In 358 BC, Athens was a declining democracy, and yet in this film it is ruled by the weasley King Eurystheus, with no hint of democracy; the real Athens abandoned its monarchy more than half a millennium earlier. In 358, the forces that threatened Greece were not some Thracian sorcerer but Philip of Macedon, who was just beginning his rise to power in which he would gradually conquer all of mainland Greece except Sparta. The film makes an explicit reference to the destruction of Thebes, which was done by Alexander in 335 BC. So the film is, to say the least, confused about historical chronology.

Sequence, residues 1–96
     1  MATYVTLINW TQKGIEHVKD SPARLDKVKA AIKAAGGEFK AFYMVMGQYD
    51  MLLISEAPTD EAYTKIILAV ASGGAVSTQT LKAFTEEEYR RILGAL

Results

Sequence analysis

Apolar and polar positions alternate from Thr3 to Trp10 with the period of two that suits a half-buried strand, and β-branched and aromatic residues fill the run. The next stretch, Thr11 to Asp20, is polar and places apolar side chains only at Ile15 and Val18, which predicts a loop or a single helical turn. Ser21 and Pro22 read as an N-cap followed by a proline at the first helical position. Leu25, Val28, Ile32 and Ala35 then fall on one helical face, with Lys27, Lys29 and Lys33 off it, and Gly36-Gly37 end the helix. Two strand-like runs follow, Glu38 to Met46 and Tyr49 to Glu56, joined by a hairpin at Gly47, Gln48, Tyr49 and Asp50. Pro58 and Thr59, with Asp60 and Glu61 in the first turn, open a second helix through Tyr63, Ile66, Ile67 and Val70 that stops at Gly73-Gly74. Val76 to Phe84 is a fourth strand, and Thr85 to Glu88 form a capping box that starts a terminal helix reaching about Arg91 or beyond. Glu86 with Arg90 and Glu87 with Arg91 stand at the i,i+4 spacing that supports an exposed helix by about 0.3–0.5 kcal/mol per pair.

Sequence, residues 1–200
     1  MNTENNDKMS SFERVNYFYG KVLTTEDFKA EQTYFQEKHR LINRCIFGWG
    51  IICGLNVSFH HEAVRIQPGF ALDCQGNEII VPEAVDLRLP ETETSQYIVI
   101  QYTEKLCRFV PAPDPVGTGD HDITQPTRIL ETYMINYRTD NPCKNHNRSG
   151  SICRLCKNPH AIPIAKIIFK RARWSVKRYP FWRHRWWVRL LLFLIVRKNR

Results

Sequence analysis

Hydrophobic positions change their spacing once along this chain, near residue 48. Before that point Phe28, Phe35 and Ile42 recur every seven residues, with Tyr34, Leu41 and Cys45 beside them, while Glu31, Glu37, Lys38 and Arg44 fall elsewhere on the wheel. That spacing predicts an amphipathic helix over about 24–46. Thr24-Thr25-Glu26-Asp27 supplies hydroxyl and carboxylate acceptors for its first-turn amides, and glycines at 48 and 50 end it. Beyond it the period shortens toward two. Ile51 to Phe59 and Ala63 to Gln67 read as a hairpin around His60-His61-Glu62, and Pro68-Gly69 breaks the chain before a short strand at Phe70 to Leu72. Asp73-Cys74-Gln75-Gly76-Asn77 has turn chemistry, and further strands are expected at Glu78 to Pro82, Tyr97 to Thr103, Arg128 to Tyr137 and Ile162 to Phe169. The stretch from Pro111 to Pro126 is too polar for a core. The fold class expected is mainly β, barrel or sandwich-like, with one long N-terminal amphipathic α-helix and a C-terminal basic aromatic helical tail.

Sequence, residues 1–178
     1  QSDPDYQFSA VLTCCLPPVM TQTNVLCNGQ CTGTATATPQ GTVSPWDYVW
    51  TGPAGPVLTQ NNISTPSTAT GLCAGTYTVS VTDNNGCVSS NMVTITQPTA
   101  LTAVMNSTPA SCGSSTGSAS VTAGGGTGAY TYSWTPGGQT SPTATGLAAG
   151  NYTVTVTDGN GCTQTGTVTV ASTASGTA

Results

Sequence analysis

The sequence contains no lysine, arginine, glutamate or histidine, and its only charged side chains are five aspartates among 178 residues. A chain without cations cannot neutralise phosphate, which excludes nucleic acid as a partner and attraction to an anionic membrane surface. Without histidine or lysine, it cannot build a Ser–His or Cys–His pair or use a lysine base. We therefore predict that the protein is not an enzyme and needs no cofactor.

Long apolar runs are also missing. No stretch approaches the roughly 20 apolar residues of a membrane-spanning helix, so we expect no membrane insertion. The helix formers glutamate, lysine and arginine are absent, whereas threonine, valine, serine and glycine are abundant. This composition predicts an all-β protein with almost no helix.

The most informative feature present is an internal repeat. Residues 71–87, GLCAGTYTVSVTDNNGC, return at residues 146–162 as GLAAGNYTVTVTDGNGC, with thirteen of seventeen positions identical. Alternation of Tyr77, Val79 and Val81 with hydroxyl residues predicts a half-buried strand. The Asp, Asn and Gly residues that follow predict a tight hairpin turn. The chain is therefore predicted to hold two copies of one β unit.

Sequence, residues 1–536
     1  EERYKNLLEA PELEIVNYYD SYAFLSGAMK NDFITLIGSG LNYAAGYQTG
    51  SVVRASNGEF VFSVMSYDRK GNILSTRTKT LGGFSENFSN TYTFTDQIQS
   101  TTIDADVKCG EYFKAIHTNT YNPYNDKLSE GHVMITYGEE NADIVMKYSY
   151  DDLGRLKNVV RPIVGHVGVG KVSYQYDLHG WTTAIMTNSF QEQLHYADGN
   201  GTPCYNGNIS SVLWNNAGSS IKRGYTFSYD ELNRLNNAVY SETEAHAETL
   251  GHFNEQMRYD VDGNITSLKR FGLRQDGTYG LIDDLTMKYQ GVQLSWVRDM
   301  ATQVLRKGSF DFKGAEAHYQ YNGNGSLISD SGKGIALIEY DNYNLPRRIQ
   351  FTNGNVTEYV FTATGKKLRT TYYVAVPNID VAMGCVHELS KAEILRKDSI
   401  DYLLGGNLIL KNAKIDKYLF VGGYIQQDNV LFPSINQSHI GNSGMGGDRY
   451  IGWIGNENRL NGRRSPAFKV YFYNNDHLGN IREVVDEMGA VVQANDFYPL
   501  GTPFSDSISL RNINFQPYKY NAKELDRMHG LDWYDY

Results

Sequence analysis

But then this film isn’t particularly attempting to be historical. Its Greece is really an ahistorical fantasyland that freely mixes whatever bits of technology and culture it wants to use or make up (a bit like your old high school D&D campaign). The characters drive and fight from chariots, which is consistent with Mycenaean culture but sort of out of place in Classical Greece (when chariots were a status symbol but not a war tool). At one point Iolaus proudly declares a particular piece of armor a linothorax, as if this is some sort of novelty, when in fact linothoraxes had been used in the Mycenaean Period and would have been somewhat old-fashioned by the Classical Period; the film also seems to think that a linothorax was a leather breastplate, when in fact it was, as the name suggests, made of many layers of linen. Most of the women in the film are given generic Olde Tyme Greeke Dresses, which bear no resemblance to any dresses worn by actual Greek women, while Atalanta’s outfit looks like a leather version of 21st century workout gear.